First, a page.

Air Peace had earlier set a domestic record as the first Nigerian airline to acquire and register the Boeing 777 aircraft in the country. Three of the four wide-body aircraft it acquired for its long-haul operations to Dubai, Sharjah, Johannesburg, London, Houston, Guangzhou and Mumbai have so far been delivered.
Multiple taxes and charges
In many countries of the world, domestic airlines enjoy certain levels of tax holidays, even when the airlines are privately owned. This is to encourage them because they serve as catalyst for economic development in any nation. But in Nigeria sundry charges and levies at airports nationwide, account for at least 65 per cent of airlines’ earnings. Besides the five per cent charge on every ticket bought by passengers, which goes to NCAA and other agencies, there are other charges on the operators.
These include the second popular five per cent Cargo Sales Charge, five per cent Value Added Tax (VAT), Passenger Service Charge of N1000 per ticket on local route, Charter Sales Charge, Aircraft Inspection Fees, Simulator Inspection Fees, Landing Charges, Parking Charges and Terminal Navigational Charge.
Others are enroute charge, fuel surcharge, airport space rent, electricity charges, apron pass, ODC (on duty card) registration fee, service recovery charge, processing fee, Avio Bridge, aircraft registration and processing ee.
The airlines also pay Toll Gate Fee, VIP Lounge, Trolley Service, Clearance Fee, Check-In Counter Charge, Courier/Tarmac/Pre-Release charges, Import Charge (Dom), Export Charge (Dom), Import Royalty, Export Royalty, Ports Charge, Exports Charge, Transhipment and Concession Fee.
Together, these charges eat deeply into the earnings of the airlines. Chief Executive Officer of Air Peace, Allen Onyema, recently said if this current regime of taxation are s not reviewed downwards, no airline would survive.
Onyema said though the charges had been in the system for long and some of them as fallouts of legislations, it was high time they were reviewed to ease the burden on commercial airlines.
“I suggest that government should raise a consulting firm to go round the country to find out why airlines have been dropping off. Heavy taxation is part of it. We are suffering. Air Peace supports payment of taxes to government; no government runs without the citizens paying tax. Airlines must pay their taxes. What we are asking is for these taxes to be streamlined in such a way that it will help us to help the government and help the country.
“Commercial airlines are a catalyst to economic development in any country. That is why every country supports its airlines. We are not asking for any financial assistance but for an enabling environment that makes things work. It is not complimentary for us as a country that all our airlines are dying,” Onyema said.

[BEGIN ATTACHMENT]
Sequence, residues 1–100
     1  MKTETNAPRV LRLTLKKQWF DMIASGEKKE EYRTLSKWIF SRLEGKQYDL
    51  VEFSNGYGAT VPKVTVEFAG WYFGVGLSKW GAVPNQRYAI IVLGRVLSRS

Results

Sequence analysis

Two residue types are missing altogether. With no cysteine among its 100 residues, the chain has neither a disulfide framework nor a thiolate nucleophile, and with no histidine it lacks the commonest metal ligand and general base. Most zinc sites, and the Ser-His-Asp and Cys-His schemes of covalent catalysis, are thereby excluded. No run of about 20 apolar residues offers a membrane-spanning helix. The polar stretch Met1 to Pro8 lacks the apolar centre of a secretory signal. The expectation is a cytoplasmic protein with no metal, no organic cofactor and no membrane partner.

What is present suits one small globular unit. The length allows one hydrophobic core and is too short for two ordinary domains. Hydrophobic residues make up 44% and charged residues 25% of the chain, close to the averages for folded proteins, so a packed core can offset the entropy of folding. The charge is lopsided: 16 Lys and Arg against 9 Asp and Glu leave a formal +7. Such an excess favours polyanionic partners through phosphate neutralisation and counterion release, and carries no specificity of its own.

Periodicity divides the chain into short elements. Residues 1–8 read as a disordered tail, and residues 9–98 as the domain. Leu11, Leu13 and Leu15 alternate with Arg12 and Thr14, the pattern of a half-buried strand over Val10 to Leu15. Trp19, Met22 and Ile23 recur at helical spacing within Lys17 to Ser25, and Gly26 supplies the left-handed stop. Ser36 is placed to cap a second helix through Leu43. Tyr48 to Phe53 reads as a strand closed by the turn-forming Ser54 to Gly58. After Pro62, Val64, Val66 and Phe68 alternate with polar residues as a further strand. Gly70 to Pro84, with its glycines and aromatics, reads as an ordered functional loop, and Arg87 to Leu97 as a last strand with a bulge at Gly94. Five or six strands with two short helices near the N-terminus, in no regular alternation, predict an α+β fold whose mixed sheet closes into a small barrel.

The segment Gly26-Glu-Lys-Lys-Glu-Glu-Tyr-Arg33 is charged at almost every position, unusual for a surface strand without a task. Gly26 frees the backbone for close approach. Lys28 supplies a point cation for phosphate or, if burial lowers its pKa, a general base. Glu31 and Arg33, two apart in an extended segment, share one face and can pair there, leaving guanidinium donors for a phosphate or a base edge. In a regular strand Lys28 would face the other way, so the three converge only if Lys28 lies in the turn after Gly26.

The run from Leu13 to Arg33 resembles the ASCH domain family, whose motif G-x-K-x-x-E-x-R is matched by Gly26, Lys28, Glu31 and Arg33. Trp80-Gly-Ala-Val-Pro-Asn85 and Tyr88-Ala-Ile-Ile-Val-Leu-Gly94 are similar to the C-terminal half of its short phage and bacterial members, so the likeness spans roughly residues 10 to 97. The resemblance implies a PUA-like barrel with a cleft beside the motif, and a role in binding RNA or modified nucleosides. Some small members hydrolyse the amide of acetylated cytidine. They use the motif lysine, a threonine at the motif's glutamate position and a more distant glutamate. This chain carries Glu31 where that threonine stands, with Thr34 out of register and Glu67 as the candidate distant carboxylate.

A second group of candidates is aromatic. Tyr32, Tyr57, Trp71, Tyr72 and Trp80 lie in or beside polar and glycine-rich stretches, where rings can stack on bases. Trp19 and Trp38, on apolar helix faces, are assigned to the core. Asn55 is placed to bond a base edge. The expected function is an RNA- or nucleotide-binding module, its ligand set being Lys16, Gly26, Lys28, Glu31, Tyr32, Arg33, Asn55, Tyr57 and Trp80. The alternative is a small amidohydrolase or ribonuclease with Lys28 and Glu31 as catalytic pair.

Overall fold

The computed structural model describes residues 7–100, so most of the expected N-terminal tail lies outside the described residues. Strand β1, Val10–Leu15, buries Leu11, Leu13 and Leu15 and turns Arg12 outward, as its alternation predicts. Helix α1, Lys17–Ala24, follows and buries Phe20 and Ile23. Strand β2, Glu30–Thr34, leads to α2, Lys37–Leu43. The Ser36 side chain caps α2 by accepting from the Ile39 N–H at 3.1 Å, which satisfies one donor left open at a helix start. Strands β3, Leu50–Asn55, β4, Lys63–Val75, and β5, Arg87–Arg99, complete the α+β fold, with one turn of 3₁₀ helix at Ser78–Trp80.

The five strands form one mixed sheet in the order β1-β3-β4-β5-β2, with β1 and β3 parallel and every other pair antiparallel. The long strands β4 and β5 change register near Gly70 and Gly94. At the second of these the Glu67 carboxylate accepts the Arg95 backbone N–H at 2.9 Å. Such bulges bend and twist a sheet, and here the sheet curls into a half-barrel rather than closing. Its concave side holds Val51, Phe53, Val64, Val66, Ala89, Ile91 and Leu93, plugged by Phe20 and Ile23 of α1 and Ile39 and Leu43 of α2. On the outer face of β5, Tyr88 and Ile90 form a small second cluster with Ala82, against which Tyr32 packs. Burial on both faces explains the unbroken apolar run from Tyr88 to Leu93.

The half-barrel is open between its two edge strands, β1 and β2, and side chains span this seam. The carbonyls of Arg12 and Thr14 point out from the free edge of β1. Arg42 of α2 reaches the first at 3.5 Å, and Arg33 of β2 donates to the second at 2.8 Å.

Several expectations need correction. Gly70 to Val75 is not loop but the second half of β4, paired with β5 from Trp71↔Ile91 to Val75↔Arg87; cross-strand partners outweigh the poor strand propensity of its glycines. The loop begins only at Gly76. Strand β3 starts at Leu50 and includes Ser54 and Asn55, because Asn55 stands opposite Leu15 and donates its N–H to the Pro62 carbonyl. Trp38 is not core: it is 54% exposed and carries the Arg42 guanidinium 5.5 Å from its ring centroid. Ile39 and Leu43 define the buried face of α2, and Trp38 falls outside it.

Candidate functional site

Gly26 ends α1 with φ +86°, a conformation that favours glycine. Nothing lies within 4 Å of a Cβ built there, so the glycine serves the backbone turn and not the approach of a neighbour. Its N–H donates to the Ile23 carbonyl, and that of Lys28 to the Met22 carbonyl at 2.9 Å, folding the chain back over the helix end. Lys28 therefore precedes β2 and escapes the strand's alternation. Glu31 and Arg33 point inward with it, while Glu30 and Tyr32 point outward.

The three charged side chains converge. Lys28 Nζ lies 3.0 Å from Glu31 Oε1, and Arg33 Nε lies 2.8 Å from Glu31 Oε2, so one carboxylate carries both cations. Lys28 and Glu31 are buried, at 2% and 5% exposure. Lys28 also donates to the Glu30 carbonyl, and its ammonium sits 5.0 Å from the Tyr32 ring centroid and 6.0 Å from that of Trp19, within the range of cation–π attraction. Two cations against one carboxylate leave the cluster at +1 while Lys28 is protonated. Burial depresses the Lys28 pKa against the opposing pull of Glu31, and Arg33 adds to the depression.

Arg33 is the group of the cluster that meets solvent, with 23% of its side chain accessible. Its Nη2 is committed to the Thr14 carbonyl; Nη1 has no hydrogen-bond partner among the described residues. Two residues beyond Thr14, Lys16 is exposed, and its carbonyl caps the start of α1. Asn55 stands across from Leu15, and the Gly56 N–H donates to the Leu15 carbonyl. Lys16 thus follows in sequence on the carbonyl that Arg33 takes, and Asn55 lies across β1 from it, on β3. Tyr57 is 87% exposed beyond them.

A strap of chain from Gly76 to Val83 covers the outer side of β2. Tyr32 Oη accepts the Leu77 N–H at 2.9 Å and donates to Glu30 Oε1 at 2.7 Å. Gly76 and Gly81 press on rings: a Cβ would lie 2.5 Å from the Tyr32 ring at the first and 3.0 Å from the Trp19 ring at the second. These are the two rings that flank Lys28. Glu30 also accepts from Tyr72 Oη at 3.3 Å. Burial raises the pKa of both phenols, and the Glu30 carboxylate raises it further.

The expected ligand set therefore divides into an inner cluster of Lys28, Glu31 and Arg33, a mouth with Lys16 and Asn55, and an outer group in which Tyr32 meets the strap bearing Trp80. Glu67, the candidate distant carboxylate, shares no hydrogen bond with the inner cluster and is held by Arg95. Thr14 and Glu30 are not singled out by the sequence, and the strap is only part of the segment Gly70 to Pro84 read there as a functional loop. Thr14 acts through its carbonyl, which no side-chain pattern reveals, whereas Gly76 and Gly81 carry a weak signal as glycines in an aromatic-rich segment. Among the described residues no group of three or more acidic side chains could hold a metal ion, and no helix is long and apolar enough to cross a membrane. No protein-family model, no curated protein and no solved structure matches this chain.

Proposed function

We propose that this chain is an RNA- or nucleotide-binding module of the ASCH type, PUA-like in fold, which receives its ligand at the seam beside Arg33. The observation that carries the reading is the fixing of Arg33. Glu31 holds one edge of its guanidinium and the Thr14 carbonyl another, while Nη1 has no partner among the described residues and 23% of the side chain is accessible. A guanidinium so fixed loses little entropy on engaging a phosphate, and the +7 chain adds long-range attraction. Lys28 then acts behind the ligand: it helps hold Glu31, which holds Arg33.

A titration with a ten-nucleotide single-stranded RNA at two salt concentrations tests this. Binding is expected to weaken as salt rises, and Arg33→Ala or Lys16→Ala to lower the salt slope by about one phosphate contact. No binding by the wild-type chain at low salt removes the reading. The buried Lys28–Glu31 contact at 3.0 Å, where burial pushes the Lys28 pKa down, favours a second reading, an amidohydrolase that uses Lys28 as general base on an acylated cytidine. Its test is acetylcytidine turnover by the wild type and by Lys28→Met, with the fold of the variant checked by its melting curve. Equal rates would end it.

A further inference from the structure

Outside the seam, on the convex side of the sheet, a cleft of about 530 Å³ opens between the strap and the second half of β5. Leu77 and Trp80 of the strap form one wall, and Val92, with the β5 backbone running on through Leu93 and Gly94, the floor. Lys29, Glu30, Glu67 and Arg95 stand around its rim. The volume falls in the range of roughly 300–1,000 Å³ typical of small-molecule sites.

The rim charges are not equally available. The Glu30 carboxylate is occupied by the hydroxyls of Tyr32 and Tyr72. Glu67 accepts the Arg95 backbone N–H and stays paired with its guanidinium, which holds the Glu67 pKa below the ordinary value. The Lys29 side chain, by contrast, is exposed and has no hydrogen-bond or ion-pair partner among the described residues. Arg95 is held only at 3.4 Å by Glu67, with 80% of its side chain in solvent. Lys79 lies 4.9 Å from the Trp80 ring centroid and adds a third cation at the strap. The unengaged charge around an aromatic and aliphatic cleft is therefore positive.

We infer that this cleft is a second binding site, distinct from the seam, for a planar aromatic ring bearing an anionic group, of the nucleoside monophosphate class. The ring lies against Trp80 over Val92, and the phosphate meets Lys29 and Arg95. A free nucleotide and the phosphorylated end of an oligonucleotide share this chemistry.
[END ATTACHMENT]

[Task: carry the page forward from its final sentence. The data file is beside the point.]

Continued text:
Chairman AON, Meggison, observed that over 50 indigenous airlines have existed in the country in the last 18 years, but only nine are flying presently.
“The mortality rate of airlines in Nigeria is high. The owners of the defunct airlines have all been success stories in other business endeavours except in aviation. Could all of them have been responsible for the failure of their airlines? The answer is no! Rather, the unfriendly policies and harsh operating environment have been the bane of aviation sector’s growth in Nigeria. We are mindful that if these issues and policies are not addressed urgently, the remaining airlines run the risk of becoming defunct in no time,” Meggison said.
Sustaining the Airlines
President of the National Association of Nigerian Travel Agencies (NANTA), Bankole Bernard, said the airlines, as well as other stakeholders in the aviation industry have a lot to gain working in harmony than in silos and with a policy direction for growth and mutual benefit. Bankole said Nigeria should take a cue from countries like Ghana that are creating the enabling environment for aviation to thrive.
“I can say to you categorically that it is not possible for Airbus A380 aircraft to land in Nigeria. Even if they want to, we don’t have the infrastructure. That is one of the biggest aircraft in the world. But this same aircraft landed in Ghana. What makes Ghana better off than us? This is not about politics; it is about doing the right thing. We have the capacity to do the right things; we just choose not to do them.
“There are a lot of things we can tap into. If the plan is to have Nigeria Air as our national carrier and it is not working out yet, are we saying there is no alternative plans to improve the sector? In what way have we supported the local airlines? Because the same problems facing the local airlines also lie in wait for the Nigeria Air and it will kill it within a short period. So, it will be just another white elephant project. It is high time we woke up from our sleep and understands that the aviation industry is a sensitive one that requires the government’s full attention.
“This is because it is the fastest and safest means of moving from point A to point B. More so, when foreigners come into your country that is the first port of entry that showcases your worth as a nation,” Bernard added.
With Air Peace venture into international destinations, Nigeria has got another chance to support more of its airlines to airlift passengers beyond the country.